Timed Text Markup Language (.ttml similar to .dfxp) – Standard for XML captions developed by the World Wide Web Consortium (W3C). Designed to incorporate all functionality of existing formats.
EBU-STL (.stl) – Similar to .scc in the sense that it is used for PAL broadcasts in Europe.
iTunes Timed Text (.itt) – Apple’s format, which is a subset of TTML. Widely used in Final Cut.
What training does a professional subtitler typically have?
A professional subtitler typically has training in transcription and translation. Both are necessary to deliver the final product from the source language to the target language. Many universities offer courses in translation and audiovisual translation, although it’s not necessary to have a degree to become a good subtitler–you can also learn through experience and practice. In terms of learning to use specific subtitling software, most employers will provide training on this, and the software providers themselves usually offer training material.
What is the best subtitling software?
There are many subtitling/captioning editors available. It’s the subtitler’s decision which one to use, based on their preference and the project criteria. Some of the most popular options are MacCaption & Caption Maker, EZ Titles, WinCaps Q4, Subtitle NEXT, Subtitle Edit, Subtitle Workshop, CaptionHub, OONA, and Amara.
Depending on the subtitler needs, there are proprietary and free editors. The best free editor is Subtitle Edit because of all the subtitle formats it can handle, and it is an open-source project that it’s always up-to-date.
Some of the proprietary tools offer monthly solutions (EZ Titles, WinCAPs Q4, Subtitle NEXT) if you don’t have the budget to buy a whole license.
There are also cloud-based tools (OONA, CaptionHub, Amara) to work on subtitles/captions, which offer features such as automatic transcription, automatic time coding, and machine translation that may facilitate the work of subtitlers.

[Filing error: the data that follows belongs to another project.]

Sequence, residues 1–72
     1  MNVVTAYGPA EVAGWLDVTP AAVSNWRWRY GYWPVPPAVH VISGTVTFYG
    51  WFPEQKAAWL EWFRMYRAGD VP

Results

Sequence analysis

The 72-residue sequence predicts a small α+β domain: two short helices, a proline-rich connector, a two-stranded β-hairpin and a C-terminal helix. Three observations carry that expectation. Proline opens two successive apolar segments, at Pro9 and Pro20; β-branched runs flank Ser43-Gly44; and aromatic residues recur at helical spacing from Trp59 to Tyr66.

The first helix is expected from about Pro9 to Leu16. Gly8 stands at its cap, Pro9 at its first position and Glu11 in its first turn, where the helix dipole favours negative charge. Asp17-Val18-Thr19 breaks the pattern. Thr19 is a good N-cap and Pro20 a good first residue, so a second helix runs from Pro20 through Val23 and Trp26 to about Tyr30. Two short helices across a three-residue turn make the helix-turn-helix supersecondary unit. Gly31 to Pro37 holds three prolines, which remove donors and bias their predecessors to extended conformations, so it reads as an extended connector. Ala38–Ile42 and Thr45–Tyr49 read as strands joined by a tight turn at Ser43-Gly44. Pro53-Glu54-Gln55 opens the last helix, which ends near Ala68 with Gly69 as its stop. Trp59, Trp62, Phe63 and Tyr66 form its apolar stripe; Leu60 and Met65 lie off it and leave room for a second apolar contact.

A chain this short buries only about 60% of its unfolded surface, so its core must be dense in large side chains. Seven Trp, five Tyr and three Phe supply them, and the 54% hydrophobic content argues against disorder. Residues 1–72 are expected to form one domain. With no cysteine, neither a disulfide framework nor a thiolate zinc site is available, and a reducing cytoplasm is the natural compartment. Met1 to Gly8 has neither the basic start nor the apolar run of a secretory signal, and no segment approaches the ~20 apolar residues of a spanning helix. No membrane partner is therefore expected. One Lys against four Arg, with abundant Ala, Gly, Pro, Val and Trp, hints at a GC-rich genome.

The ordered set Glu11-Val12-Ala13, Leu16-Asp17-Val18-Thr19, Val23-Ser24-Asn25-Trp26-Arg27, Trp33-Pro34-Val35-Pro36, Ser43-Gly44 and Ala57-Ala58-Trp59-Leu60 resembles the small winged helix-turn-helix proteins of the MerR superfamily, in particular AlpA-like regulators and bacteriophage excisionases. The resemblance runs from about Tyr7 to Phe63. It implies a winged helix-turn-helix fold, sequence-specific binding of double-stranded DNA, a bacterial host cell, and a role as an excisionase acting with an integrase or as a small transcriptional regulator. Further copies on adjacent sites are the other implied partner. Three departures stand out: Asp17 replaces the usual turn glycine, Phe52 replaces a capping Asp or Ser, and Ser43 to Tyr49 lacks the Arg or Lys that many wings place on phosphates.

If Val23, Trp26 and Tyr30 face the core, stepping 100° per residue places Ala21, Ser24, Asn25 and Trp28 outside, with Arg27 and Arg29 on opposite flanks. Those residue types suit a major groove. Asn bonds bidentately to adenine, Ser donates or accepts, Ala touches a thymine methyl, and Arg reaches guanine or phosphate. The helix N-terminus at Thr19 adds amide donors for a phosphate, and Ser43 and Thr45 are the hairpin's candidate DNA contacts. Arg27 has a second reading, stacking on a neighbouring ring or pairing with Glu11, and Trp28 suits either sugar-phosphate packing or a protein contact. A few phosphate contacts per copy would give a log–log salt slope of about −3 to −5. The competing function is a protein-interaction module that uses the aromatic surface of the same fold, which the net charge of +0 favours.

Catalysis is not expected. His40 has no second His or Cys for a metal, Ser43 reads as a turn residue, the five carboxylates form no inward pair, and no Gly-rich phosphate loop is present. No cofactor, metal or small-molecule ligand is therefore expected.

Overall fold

If you are a beginner, a good choice would be starting with the best free editor available, Subtitle Edit.
What does it mean for subtitles to be “hardcoded”?
Hardcoded or open subtitles/captions are always in view. They’re also called burnt-in subtitles because they are part of the video—the viewer can’t choose to switch languages or turn them off. In contrast to open captions, closed captions can be turned on or off by the viewer. One of the benefits of hardcoding is that it doesn’t require any extra plugins or files, meaning you can display a video with hardcoded subtitles or captions on any platform or device. For example, some social media platforms like TikTok and Instagram only allow hardcoded subtitles and captions.
Are there specific considerations for subtitles in languages that read from right to left (RTL) or use a different alphabet/script?
Specific considerations for subtitling RTL languages—like Arabic subtitling—are mainly related to alignment and positioning. Letters could not display as they should. Other alphabets/scripts that are LTR can follow the regular subtitling standards.
RTL formatting is somewhat behind when it comes to updates in subtitling tools. And this is because out of all the languages spoken in the world, only a few use RTL formatting. From this point of view, most subtitling editors accommodate LTR formatting because it is broadly used and more straightforward to subtitle.
Got more questions?
If you have a subtitling question that isn’t answered here or you want to learn more about OXO’s professional subtitling services, get in touch with us. We’d love to tell you more about it.